1 (state street)  
    2 (deer path)  
    3 (midtun)  

From pictures  
    my breath    
    sleeptalking to Dilja  
    golden dip  

Sadie Cook
Three weeks before my thesis show, my college moved online.

A week later, I emailed my thesis panel to ask if I could mail them prints.

Three days after that, I walked out of Walgreens with a plastic bag of prints. I sat on the curb and addressed six envelopes and dropped my photographs down a mail chute.

That same day, I texted my friend part of the essay Bewilderment by Fanny Howe:

If I, for instance, want to tell you that a man I loved, who died, said he loved me on a curbstone in the snow, but this occurred in the time after he died, and before he died, and will occur again in the future, I can't say it grammatically.

You would think I was talking about a ghost, or a hallucination, or a dream, when in fact, I was trying to convey the experience of a certain event as scattered and non-sequential.


In so many senses making these spiral, or serial poems, is very close to dream-construction, where we collect our most emotionally charged moments and see how they interact, outside of the usual story-like narrative. And ultimately I see the whole body of work as existing all but untitled and without beginning or end, an explosion of parts, the quotidian smeared.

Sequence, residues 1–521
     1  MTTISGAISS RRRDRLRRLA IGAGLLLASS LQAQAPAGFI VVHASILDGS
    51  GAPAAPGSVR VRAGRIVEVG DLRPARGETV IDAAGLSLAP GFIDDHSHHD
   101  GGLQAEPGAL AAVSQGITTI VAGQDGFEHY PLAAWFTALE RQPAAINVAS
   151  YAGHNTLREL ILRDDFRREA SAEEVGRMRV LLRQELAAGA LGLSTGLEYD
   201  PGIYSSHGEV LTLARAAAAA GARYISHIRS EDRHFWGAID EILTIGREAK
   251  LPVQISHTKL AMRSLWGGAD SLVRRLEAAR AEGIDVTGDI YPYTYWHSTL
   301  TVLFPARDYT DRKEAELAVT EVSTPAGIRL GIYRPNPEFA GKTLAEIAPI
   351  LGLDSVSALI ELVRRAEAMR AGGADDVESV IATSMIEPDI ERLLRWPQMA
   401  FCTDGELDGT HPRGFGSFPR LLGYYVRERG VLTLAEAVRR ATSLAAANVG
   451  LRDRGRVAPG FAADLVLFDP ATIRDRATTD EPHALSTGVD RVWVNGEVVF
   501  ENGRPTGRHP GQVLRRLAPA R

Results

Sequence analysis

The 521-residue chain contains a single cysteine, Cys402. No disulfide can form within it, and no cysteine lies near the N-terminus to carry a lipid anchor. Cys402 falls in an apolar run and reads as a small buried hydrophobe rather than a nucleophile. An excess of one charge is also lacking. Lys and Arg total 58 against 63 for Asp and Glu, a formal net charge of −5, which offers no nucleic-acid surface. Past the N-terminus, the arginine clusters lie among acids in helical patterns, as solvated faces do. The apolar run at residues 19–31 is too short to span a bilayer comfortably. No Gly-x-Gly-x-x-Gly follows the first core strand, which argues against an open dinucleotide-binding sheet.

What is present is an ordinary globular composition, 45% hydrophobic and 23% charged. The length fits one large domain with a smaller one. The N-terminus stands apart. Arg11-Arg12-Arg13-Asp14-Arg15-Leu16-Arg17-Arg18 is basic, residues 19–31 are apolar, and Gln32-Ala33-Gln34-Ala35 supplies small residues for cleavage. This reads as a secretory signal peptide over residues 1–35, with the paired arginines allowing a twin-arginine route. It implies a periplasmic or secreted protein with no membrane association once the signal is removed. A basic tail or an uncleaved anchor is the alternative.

When I read this, I sat bolt up right.  “This is photography!” I thought, “Smeared quotidian! Yes!”

To me, my pictures feel like sun freckles or scars--results of encounters that stay on me and change and don’t go away. I want to understand the hold my photographs have on my awareness of my body. I want my photographs to be objects that have weight and evolve.  I wanted my thesis to arrive in my professors’ houses as prints, and stay there, and get smudged by their fingerprints.

Sometimes, I stand on the toilet in my bathroom so I can see my whole body in the mirror above the sink and pose like the pink picture of my bruises and track the changes in my appearance. I’m paler now. I’m thinner. My hipbones stick out a little and there are three long hairs beneath my belly button and a big space between my legs and two new piercings and a small pink scar. I like that I look different. The differences make it feel true that that picture is in the past. But I’ve done this so often that that picture is ingrained in my muscle memory. I fall into the pose so easily--arms up, twist to the left, right leg forward.

For me, right now, everything is about touch. I look at two trees twisted together and think about the space between people. I look at plastic wrap and think about the separation of air, the allowance for touch without actual contact.